of the finest bird parks in the world, Bharatpur
Bird Sanctuary (Keoladeo Ghana Natiuonal Park) is a
reserve that offers protection to faunal species as
well. Nesting indigenous water- birds as well as
migratory water birds and waterside birds, this
sanctuary is also inhabited by Sambar, Chital,
Nilgai and Boar.
More than 300 species
of birds are found in this small wildlife park of
29-sq-kms of which 11-sq-kms are marshes and the
rest scrubland and grassland. Keoladeo, the name
derives from an ancient Hindu temple, devoted to
Lord Shiva, which stands at the centre of the park.
'Ghana' means dense, referring to the thick forest,
which used to cover the area.
Made Natural World
many of India's parks have been developed from the
hunting preserves of princely India, Keoladeo,
popularly known as Bharatpur Wildlife Sanctuary, is
perhaps the only case where the habitat has been
created by a maharaja. In earlier times, Bharatpur
town used to be flooded regularly every monsoon. In
1760, an earthen dam (Ajan Dam) was constructed, to
save the town, from this annual vagary of nature.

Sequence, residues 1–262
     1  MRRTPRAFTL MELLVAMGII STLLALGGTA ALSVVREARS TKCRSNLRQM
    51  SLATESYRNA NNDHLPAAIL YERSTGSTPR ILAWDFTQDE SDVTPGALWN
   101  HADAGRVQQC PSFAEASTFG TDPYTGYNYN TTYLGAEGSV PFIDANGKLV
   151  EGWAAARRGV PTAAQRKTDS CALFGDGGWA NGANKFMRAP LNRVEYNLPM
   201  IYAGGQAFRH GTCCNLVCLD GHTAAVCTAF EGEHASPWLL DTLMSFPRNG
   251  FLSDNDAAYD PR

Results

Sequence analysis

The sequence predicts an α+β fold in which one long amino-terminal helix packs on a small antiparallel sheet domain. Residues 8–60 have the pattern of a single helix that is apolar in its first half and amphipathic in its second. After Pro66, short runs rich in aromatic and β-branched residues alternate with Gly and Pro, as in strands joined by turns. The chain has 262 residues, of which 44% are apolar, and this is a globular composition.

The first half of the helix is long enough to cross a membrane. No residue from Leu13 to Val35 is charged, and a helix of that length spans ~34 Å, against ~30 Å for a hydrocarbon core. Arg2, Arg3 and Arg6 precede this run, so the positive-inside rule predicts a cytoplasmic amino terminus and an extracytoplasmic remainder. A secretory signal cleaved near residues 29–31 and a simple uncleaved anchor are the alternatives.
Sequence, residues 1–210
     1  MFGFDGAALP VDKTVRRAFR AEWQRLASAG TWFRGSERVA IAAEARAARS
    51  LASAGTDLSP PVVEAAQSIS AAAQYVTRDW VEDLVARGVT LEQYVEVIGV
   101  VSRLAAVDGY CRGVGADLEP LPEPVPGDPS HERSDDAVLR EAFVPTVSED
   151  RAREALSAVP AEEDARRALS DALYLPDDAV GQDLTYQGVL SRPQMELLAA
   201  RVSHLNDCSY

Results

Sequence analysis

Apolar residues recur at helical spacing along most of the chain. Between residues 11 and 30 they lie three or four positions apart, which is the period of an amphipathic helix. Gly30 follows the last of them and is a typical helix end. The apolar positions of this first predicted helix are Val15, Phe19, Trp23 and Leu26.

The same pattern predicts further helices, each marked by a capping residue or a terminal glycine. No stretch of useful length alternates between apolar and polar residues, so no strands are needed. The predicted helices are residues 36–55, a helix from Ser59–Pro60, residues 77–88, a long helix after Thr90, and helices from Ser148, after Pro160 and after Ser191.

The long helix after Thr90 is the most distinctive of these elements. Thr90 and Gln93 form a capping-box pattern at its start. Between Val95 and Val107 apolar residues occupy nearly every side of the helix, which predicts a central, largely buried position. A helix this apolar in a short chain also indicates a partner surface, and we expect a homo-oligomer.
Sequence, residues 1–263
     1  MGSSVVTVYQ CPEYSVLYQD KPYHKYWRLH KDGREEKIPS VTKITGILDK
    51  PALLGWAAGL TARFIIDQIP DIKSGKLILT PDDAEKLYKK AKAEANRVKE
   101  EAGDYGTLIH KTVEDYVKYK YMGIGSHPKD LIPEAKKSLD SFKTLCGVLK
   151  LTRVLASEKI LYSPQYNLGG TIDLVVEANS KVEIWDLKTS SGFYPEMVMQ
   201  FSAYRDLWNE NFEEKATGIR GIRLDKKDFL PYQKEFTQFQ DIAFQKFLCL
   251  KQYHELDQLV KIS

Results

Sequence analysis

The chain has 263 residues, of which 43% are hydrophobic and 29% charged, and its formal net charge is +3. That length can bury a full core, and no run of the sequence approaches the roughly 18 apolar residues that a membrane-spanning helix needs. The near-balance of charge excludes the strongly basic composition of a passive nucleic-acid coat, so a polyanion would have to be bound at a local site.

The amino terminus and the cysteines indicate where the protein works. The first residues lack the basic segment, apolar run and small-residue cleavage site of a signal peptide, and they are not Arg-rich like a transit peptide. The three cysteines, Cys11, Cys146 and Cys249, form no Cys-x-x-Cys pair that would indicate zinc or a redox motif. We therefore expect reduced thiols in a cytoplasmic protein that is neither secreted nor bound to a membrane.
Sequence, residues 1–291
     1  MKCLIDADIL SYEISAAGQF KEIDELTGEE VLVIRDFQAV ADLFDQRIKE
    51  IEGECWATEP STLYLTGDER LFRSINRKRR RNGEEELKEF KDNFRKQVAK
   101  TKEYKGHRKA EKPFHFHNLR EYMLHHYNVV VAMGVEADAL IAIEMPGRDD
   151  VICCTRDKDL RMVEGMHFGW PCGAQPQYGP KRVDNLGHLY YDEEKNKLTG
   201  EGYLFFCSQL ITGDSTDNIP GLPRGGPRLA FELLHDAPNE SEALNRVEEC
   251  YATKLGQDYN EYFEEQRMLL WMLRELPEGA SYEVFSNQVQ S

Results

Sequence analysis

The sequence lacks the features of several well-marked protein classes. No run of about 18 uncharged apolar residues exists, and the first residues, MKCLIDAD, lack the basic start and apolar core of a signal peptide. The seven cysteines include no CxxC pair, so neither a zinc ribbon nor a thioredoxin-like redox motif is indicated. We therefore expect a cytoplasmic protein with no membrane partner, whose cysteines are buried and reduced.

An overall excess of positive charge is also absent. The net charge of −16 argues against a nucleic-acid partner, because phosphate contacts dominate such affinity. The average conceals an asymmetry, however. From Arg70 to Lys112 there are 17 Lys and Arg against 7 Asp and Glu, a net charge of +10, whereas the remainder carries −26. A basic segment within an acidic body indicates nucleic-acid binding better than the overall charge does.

The depression created by extraction of soil for the
dam was cleared and this became the Bharatpur Lake.
At the beginning of
this century, this lake was developed, and was
divided into several portions. A system of small
dams, dykes, sluice gates, etc., was created to
control water level in different sections. This
became the hunting preserve of the Bharatpur
royalty, and one of the best duck - shooting
wetlands in the world. Hunting was prohibited by
mid-60s. The area was declared a national park on 10
March 1982, and accepted as a World Heritage Site in
major attractions of tourists visiting the park are
the numerous migratory birds, who come from as far
away as Siberia and Central Asia and spend their
winters in Bharatpur, before returning to their
breeding grounds. Migratory birds at Bharatpur bird
sanctuary include, several species of Cranes,
Pelicans, Geese, Ducks, Eagles, Hawks, Shanks,
Stints, Wagtails, Warblers, Wheatears, Flycatchers,
Buntings, Larks and Pipits, etc.